Oct 23 2012

Guilty Verdict for Italian Earthquake Scientists

This news is plastered over every general and science news outlet I can find – Italian scientists have been found guilty of manslaughter for failure to properly warn about the 2009 L’Aquila earthquake. They have been sentenced to 6 years in prison and ordered to pay $12 million in damages.  They have two appeals left, and can remain out of prison until they exhaust their appeals.

It is easy to be outraged at a decision that seems so ridiculous on its face. I always try to find the most charitable interpretation of each side of an argument, and so I searched through the news reports for a cogent explanation of this decision. First, it seems the scientists were not convicted for failure to predict the quake, but for how they communicated to the public about the risk of the quake occurring. I could not find a full exact quote of what they did say. The two partial quotes I could find indicate that they said the small tremors that preceded the 6.3 magnitude quake that killed 309 people were “unlikely” to be followed by a large quake. Further, they indicated that small tremors may actually decrease the risk of a larger quake by dissipating energy.

The guilty decision seems to hinge on the fact that many residents were afraid that a large quake was coming and would have evacuated, but were reassured by the risk commission’s statements and decided to stay, leading to their death.

The relevant science seems pretty clear. Low level seismic activity rarely is followed by a large earthquake, and most large earthquakes are not preceded by such minor tremors. Therefore the predictive value of the preceding tremors was very low. It was therefore entirely accurate for the scientists to say that the risk of a large quake was “unlikely.” If one makes a statement of probability, and the low level probability outcome occurs, that does not make one wrong.

This concept comes up in medicine all the time.  Physicians come up with a “differential diagnosis” – a list of possible diagnoses in order of likelihood. A physician may act on the diagnosis that is 95% likely to be true, but for 1 patient in  20 the 95% diagnosis will be wrong. That does not mean the differential diagnosis was wrong. Sometimes, even, a patient turns out to have a rare disease. Saying that the diagnosis is unlikely prior to the diagnosis being made would not be wrong.

The scientific community also agree that the state of the science is such that earthquakes are “inherently unpredictable.” So the scientists could not have predicted the quake, and they were correct when they said it was unlikely. We can further ask – was their assessment within the scientific standard for their community. Well, a letter from the American Association for the Advancement of Science (AAAS), signs by 5,000 scientists, including many geologists, argued that it was. The letter to president Giorgio Napolitano said, “To expect more of science at this time is unreasonable.”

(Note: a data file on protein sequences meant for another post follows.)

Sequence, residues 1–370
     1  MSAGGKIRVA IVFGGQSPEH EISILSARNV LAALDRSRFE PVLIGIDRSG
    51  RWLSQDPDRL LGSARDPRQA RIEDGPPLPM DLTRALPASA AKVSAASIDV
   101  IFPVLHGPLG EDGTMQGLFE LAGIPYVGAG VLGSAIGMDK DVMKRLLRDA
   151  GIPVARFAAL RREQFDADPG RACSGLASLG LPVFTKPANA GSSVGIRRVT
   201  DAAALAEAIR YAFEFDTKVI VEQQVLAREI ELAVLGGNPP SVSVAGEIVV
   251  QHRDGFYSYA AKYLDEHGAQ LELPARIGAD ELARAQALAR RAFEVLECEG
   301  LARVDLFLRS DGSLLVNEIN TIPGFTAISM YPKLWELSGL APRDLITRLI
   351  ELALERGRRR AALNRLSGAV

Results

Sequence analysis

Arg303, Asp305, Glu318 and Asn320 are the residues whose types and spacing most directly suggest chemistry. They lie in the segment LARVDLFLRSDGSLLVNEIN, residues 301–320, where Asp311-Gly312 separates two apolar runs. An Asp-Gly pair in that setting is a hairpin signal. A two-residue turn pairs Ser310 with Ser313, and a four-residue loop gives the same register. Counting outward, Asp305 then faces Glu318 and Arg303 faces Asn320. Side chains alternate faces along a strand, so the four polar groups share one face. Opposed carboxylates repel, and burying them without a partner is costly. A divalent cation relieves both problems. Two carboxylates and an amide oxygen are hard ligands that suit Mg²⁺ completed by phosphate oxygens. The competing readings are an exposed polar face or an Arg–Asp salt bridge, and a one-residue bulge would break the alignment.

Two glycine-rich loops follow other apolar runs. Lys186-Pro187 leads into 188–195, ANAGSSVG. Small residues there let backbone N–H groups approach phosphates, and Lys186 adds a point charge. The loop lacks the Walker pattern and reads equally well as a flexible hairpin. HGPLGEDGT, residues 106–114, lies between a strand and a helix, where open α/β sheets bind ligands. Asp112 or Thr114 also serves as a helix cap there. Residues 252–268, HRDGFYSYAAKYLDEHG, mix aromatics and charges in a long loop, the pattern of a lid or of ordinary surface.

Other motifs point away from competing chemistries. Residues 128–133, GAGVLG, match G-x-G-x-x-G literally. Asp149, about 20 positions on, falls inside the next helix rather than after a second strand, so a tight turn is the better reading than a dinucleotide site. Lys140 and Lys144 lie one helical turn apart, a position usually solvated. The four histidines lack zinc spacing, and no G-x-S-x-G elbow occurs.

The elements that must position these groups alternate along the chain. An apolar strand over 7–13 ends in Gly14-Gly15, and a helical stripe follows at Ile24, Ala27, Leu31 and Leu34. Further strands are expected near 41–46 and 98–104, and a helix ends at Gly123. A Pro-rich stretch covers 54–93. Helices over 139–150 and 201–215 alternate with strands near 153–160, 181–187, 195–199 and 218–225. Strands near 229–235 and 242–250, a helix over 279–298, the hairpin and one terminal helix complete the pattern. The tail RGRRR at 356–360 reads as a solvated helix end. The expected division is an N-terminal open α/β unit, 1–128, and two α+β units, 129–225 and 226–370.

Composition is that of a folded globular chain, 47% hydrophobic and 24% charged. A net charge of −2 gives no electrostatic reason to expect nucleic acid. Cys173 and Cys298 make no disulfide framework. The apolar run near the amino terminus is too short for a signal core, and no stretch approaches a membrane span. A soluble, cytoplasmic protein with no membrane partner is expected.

Of course the scientific community is warning about the “chilling effect” this will have on science and the communication of certain sciences to the public. At the very least, if this verdict stands Italy might find it difficult to find geologists to work on any risk commissions, or offer any kind of information or analysis to the public. The liability would be too great. It might also motivate scientists to overestimate future risks in order to cover themselves. In medicine the fear of lawsuit arguably leads to the over-ordering of tests. In geology it may lead to needless fears about the risks of impending quakes, causing panic and far more harm than it prevents.

The guilty decision, in other words, may be far more reckless than the court is accusing the scientists of being.

It does seem that this episode exposes a failure to properly communicate science to the public, and I’m not just talking about this one incident. Sure, in hindsight the Italian geologists could have put their information into a more thorough context and explained the nature of predictions and risk (although it’s not clear this would have made any difference). Having a more scientifically literate public would also help. Of course I think every press conference about a science topic is and should be a teaching moment, it’s not realistic to expect these scientists to make up for a lack luster public science education in one brief news report.

This story is not quite over yet, as the scientists have two appeals left. It is possible that the backlash of worldwide ridicule and condemnation will have some effect and the guilty verdict will not stand. We can hope.

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